Digital Tradition Mirror

With My Swag Upon My Shoulder

With My Swag Upon My Shoulder

When first I left Old England's shore
Such yarns as we were told
As how folks in Australia
Could pick up lumps of gold
So, when we got to Melbourne town
We were ready soon to slip
And get even with the captain
All hands scuttled from the ship

cho: With my swag all on my shoulder
     Black billy in my hand
     I travelled the bush of Australia
     Like a true-born native man

We steered our course for Geelong town
Then north west to Ballarat
Where some of us got mighty thin
And some got sleek and fat
Some tried their luck at Bendigo
And some at Fiery Creek
I made a fortune in a day
And spent it in a week

For many years I wandered round
As each new rush broke out
And always had of gold a pound
Till alluvial petered out
'Twas then we took the bush to cruise
Glad to get a bite to eat
The squatters treated us so well
We made a regular beat

So round the lighthouse now I tramp
Nor leave it out of sight
I take it on my left shoulder
And then upon my right
And then I take it on my back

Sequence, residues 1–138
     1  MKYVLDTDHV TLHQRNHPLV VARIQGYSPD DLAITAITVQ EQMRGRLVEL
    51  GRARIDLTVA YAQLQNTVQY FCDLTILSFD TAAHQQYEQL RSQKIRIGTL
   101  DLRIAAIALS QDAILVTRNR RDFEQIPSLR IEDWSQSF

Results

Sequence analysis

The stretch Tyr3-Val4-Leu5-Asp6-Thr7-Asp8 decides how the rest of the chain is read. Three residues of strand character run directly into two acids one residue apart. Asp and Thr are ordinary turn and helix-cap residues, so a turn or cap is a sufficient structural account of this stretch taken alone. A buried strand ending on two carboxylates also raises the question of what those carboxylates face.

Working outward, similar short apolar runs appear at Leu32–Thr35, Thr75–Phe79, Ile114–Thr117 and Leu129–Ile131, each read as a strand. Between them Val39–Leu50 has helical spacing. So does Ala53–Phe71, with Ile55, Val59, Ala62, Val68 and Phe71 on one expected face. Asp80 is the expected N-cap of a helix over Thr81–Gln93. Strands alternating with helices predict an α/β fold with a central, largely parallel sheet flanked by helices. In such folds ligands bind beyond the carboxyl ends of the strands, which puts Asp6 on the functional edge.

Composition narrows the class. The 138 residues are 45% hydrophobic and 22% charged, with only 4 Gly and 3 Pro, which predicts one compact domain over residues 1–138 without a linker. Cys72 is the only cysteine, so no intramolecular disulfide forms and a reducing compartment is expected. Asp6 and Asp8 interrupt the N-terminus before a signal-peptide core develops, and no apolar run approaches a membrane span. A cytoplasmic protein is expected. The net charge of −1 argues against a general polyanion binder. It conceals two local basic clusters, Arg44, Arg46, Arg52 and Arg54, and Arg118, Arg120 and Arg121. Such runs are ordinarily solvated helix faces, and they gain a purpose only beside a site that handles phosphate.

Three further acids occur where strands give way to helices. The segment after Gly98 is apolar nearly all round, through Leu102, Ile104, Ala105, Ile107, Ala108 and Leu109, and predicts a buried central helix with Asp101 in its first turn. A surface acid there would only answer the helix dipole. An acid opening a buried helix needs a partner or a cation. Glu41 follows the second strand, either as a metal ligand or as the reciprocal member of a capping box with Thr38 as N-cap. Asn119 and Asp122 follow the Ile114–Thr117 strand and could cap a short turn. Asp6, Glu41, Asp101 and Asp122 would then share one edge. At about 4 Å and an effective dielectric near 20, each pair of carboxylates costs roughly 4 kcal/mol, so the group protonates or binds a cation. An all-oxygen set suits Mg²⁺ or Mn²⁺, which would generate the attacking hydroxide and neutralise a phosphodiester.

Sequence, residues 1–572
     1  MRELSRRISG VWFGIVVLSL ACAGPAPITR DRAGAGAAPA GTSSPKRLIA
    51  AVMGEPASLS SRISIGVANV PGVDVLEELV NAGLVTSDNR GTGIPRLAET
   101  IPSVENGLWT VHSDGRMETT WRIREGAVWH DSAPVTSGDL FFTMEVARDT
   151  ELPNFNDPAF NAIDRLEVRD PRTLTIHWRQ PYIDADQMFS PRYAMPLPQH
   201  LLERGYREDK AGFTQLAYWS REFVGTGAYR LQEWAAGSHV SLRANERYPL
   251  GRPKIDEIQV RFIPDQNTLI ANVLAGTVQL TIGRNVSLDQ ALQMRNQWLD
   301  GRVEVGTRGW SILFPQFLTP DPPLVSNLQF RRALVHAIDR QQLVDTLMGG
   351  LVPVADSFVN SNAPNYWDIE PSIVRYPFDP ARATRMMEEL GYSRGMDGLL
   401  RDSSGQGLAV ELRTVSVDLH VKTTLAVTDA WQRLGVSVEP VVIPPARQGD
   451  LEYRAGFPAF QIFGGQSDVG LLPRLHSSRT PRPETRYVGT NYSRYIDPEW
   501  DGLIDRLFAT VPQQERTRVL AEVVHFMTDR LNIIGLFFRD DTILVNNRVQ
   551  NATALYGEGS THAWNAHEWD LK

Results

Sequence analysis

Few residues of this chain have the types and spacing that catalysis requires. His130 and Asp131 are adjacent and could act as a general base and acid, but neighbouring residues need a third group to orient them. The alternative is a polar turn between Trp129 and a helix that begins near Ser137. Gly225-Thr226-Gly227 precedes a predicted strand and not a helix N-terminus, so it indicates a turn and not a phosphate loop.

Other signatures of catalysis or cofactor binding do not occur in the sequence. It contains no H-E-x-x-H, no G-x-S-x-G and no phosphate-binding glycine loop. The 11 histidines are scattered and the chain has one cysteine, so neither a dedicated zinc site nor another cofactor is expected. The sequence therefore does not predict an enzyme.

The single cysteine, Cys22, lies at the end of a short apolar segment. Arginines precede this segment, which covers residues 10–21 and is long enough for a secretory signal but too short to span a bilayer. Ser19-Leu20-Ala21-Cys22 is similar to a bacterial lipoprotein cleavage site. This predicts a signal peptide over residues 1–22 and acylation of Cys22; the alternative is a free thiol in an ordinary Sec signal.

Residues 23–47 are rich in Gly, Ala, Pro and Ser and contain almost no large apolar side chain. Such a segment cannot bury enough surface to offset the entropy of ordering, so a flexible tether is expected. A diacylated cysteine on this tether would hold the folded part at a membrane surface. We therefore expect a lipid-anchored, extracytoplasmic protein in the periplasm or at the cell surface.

And oft upon it lie
It is the best of tucker tracks
So I'll stay here till I die

From Paterson's Old Bush Songs . Paterson has the Lighthouse as a
landmark station in Victoria. Eric Partridge in his Dictionary of
Slang gives "lighthouse - a tramp acquainted with the police or their
methods". The meaning here may be that the swaggie spends much of his
time in jail. In the bush the Southern Cross constellation is also
known as The Lighthouse, so tramping round this continent is in effect
tramping round the lighthouse. This song, the tune of which is a
variant of 'The Boys of Wexford', was collected by John Manifold from
Father P.P.Kehoe of Kyabram, Victoria in the 1950's. Compare with
'Dennis O'Reilly' in this collection.


Thanks to Mudcat for the Digital Tradition!

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